DNA Result Interpretations

How to Interpret Results From A Parentage DNA Test

Results From A DNA Test Are Easy To Interpret

A DNA result report can look confusing at first glance. If you read the statement of result under the genetic profile chart, then you should be able to interpret the outcome of the test.

  • The Basics Regarding DNA Test Interpretations

Our Lab DNA Test Report shows the results of laboratory DNA tests that provide evidence regarding the alleged family relationship. This is a brief explanation of the meaning of the numbers and other items that appear in a DNA test report.

The laboratory tests the DNA isolated from buccal (cheek) swabs to locate certain regions of chromosomes that vary in length between individuals. Sixteen of these sites are tested, each site is called a “locus”, (“loci” – plural). Analysis of these loci in a large population has revealed many different sized fragments, or alleles, associated with each locus. These are the genetic markers* used in. Our DNA and paternity testing service offers a cheap and affordable solution to your DNA testing needs, while providing only high quality DNA tests from home, lawyer’s office, or one of our 1000’s network clinic locations.

Because each individual has two of each type of chromosome, one inherited from each parent, everyone has two alleles at each locus. These two alleles are sometimes identical (homozygous), but usually they are not the same size (heterozygous). During parentage testing, the laboratory identifies the length of the two alleles found at each locus.

  • The Details Of What DNA Markers (Alleles) Are

The report you will be given shows numbers (in the first column) that indicate each of the loci involved in the testing process.

The columns marked “allele” on the report contain numbers indicating the two alleles found at each locus (or one number if they are the same size).

If, for example, a child has two alleles that are designated 12.1 and 18, and if the mother has alleles 12.1 and 16, then the child inherited the 12.1 allele from the mother. The child has to have inherited the 18 allele from the father. The 18 allele is the “obligate paternal allele.” Generally, the alleged father must have this allele if he is the biological father of the child.

Many different loci are used as genetic markers in the tests, as well as one (Amelogenin) to confirm the sex of the person providing the sample. If the alleged father does not have the matching allele at every tested locus, then he usually cannot be the biological parent. If he does have it, then he could be the father. A “relationship index” (called the “Direct Index” in the report) for each locus is calculated based on information including the portion of the male population that has the obligate paternal allele at that locus. This index is reported for each DNA locus.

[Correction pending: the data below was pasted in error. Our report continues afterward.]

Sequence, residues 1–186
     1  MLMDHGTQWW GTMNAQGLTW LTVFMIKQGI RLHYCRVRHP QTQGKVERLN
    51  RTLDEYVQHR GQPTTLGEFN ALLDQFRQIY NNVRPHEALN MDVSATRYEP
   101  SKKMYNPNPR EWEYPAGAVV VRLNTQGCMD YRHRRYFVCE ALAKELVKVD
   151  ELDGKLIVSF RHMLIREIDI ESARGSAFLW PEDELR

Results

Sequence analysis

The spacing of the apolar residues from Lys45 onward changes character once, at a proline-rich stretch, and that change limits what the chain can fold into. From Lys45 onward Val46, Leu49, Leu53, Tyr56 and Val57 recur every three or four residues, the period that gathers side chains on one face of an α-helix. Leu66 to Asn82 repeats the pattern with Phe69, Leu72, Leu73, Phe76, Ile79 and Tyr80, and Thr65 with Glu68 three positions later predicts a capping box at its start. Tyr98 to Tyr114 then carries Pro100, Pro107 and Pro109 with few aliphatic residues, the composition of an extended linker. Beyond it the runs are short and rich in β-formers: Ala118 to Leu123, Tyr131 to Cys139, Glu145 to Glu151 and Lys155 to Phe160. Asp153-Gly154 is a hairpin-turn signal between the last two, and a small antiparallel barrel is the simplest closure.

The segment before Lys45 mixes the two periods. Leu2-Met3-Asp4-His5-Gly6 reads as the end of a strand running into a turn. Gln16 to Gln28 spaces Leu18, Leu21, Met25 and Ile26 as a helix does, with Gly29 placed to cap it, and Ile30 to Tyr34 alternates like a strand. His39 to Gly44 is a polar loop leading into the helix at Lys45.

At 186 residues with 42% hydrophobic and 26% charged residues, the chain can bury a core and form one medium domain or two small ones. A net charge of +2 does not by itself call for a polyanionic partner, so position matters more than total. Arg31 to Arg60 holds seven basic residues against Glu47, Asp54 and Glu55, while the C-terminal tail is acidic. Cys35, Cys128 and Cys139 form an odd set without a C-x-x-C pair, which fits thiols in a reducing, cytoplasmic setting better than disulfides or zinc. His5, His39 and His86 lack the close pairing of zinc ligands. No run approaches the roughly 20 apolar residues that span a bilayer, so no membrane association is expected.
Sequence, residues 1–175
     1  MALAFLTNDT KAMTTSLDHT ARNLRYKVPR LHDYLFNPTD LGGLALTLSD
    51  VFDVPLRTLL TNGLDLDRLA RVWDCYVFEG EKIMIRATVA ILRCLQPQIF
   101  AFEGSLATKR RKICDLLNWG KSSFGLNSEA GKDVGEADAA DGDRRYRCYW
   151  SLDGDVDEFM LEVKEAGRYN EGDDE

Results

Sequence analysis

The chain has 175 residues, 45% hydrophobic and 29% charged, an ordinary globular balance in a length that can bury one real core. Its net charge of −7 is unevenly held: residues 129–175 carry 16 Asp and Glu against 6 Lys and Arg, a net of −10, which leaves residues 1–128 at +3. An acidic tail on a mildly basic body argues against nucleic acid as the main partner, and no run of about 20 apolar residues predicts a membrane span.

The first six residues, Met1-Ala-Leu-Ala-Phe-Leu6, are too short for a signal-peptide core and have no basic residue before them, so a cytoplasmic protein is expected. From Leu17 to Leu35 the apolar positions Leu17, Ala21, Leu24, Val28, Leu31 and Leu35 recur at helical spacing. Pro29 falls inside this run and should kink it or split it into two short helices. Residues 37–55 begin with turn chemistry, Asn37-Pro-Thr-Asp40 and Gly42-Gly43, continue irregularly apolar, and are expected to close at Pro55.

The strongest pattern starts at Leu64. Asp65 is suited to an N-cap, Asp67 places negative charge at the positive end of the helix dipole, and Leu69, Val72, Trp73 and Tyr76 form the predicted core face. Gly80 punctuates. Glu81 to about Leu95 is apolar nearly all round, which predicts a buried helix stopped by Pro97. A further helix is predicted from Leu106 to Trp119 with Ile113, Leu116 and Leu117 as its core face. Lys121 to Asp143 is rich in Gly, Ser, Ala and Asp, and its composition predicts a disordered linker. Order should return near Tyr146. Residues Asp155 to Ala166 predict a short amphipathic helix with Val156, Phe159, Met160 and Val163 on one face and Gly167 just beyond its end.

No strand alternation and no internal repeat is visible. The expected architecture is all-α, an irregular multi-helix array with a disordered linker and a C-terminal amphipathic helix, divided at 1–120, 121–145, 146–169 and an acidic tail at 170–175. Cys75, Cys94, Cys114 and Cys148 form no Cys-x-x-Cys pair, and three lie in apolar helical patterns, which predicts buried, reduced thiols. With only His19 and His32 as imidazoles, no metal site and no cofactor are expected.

A combined relationship (or “Direct”) index for all of the tested alleles is then calculated and appears below the chart. This number is used to calculate the “probability of relationship,” which is the percentage likelihood that a man with the alleles of the alleged father is the biological parent of the child, as compared to an untested, unrelated man of the same race. If the DNA of the alleged father is consistent (to a degree of mathematical certainty) with that of the child, then the report will conclude that the alleged father cannot be excluded as the biological father of the child. If the DNA is not consistent, it will conclude that the alleged father can be excluded as the biological father of the child.

* Each locus used in the testing is composed of a variable number of repeating short sequences of the bases A,C,T, and G; such as ACGACGACGACG. Each allele has a different number of repeats giving rise to a different fragment length amplified by the polymerase chain reaction (PCR).



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